JACKSONVILLE, Fla. — For veterans with PTSD, fireworks can trigger anxiety and even physical reactions, leaving many to wonder how they can make their fourth of July celebrations enjoyable for everyone on the First Coast: including our military veterans.
“Today, Independence Day, I've gotten calls from 10 of our veterans," David Abramowitz, Retired COL USA Aviation, said.
David Abramowitz spent 31 years in the military, deploying 5 times in countries throughout Europe and the Middle East. He now volunteers as a counselor, helping other veterans with things like mental health disorders and PTSD
“Many, many of our, our service members have come back from some of these deployments with mental health challenges. They didn't have that before they deployed," Abramowitz said.
“You have to have great awareness at any time during a combat situation. And normally, loud noises are not good for you… And so when you hear fireworks and loud noises, sometimes you can associate those sounds with previous actions, things maybe you had to do in a combat situation," Michael Fleming, the Outreach Director at the Cohen Military family clinic at Centerstone in Jacksonville, said.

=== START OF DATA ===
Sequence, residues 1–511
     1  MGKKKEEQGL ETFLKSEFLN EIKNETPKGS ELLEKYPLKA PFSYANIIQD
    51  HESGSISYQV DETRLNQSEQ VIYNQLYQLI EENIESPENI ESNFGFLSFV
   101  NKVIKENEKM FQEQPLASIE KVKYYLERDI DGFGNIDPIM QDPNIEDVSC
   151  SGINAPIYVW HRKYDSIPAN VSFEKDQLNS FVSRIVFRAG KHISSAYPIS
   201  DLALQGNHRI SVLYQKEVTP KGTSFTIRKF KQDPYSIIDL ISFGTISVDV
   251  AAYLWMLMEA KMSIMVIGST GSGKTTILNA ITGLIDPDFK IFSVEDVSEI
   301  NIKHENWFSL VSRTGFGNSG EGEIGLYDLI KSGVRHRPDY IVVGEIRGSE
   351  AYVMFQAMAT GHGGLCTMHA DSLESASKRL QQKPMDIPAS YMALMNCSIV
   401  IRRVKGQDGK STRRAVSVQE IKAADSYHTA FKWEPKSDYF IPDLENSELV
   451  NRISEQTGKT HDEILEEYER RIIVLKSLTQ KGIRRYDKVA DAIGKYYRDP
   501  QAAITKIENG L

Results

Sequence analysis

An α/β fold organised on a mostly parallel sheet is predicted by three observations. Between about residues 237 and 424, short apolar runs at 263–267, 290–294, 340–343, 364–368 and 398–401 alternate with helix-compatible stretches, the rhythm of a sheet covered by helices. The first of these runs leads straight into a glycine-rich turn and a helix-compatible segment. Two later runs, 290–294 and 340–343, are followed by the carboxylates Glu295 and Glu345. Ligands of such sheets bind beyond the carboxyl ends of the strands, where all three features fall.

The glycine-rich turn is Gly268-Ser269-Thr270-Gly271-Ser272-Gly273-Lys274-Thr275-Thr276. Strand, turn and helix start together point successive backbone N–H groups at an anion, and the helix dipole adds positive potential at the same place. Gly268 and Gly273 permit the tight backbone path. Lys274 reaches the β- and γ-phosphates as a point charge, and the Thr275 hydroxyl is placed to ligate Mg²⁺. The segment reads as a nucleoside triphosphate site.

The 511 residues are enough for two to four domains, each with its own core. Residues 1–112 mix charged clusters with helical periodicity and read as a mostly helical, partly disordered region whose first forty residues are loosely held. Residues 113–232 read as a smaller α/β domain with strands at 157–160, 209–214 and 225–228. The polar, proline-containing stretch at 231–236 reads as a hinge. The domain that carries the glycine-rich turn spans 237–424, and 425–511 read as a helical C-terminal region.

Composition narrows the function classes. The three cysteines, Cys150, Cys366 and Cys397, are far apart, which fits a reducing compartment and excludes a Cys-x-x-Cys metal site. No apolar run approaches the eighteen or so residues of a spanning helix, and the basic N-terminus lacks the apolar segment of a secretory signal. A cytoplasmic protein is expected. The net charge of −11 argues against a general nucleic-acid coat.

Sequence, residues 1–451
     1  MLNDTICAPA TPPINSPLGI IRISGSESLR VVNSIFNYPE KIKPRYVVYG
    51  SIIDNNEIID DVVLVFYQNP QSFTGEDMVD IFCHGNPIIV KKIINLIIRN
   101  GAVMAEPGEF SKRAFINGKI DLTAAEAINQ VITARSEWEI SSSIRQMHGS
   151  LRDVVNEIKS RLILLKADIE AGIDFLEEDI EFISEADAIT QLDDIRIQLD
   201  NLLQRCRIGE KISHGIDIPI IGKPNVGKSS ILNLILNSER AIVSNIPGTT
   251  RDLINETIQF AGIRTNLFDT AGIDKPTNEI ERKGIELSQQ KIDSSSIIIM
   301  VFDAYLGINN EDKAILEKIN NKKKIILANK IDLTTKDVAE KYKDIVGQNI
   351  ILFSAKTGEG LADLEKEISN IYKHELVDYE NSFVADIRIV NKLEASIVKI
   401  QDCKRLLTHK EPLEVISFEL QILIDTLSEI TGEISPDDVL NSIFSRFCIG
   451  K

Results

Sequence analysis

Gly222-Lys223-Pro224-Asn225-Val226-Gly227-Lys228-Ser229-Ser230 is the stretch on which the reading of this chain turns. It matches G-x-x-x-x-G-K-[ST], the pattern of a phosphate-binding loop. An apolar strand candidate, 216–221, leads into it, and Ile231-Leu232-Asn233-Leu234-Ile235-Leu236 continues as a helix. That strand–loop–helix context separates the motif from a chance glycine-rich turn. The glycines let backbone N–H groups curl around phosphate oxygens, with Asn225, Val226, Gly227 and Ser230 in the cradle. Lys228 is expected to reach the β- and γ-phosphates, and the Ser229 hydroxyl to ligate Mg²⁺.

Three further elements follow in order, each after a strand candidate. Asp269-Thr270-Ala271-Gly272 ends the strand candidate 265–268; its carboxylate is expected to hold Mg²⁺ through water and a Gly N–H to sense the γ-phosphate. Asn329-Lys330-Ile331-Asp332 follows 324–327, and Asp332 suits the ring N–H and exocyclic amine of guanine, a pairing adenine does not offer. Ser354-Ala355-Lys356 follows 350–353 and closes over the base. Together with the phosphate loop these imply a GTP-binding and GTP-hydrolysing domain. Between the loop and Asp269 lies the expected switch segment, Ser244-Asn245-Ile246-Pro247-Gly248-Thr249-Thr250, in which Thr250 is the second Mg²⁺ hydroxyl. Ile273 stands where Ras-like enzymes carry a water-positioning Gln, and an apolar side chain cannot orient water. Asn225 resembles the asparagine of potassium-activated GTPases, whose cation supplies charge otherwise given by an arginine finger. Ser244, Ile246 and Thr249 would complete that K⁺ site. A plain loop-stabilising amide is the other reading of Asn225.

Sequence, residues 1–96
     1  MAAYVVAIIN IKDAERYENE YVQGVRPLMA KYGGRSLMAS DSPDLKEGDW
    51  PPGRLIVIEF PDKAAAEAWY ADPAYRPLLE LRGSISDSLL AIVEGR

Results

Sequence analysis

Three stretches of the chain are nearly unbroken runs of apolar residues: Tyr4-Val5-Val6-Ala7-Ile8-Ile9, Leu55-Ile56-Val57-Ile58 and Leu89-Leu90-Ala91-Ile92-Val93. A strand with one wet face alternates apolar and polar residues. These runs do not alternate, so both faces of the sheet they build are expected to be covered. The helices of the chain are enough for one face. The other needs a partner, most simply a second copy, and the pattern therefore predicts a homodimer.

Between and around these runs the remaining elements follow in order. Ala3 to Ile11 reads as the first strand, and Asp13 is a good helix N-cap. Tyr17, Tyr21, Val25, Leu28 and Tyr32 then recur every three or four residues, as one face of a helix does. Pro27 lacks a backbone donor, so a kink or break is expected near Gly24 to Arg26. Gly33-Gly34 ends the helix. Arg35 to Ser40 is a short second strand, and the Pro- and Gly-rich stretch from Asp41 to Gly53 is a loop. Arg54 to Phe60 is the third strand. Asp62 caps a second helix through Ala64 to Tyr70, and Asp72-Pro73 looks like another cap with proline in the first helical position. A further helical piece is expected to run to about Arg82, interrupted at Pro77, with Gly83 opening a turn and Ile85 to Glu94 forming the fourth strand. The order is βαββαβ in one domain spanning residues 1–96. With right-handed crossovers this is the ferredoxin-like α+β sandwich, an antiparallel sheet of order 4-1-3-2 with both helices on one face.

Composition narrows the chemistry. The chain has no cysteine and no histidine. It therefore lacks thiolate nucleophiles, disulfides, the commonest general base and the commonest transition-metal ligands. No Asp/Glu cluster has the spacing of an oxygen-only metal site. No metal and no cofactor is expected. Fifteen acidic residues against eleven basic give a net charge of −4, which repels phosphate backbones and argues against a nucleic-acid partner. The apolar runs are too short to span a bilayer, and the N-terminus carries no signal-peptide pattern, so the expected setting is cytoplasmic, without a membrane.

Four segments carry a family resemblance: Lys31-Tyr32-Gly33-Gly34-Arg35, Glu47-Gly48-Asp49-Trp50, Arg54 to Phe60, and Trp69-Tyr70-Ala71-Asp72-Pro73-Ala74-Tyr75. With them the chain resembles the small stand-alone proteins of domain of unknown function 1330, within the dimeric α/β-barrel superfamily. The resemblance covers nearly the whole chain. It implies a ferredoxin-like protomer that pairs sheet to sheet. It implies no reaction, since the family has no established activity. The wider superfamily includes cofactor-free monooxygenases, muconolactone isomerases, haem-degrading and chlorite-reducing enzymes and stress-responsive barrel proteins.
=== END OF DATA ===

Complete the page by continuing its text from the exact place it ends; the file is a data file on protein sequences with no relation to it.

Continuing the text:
Micheal Fleming, a veteran and leader with the Cohen Military Family Clinic at Centerstone in Jacksonville says unexpected fireworks can cause physical reactions in PTSD patients.
He says a little support can go a long way in preventing bad reactions.
“I would just recommend if you have a veteran in your family or in your group, you just ask them what makes them comfortable, because that's really all we want," Fleming said.
Residents are strongly encouraged to give their veteran neighbors a heads up if they plan to light off fireworks in the neighborhood.
You can leave a flyer in your neighbor mailbox or porch listing what time. Also try to set off fireworks in the same time period, not intermittently throughout the night and before midnight if possible.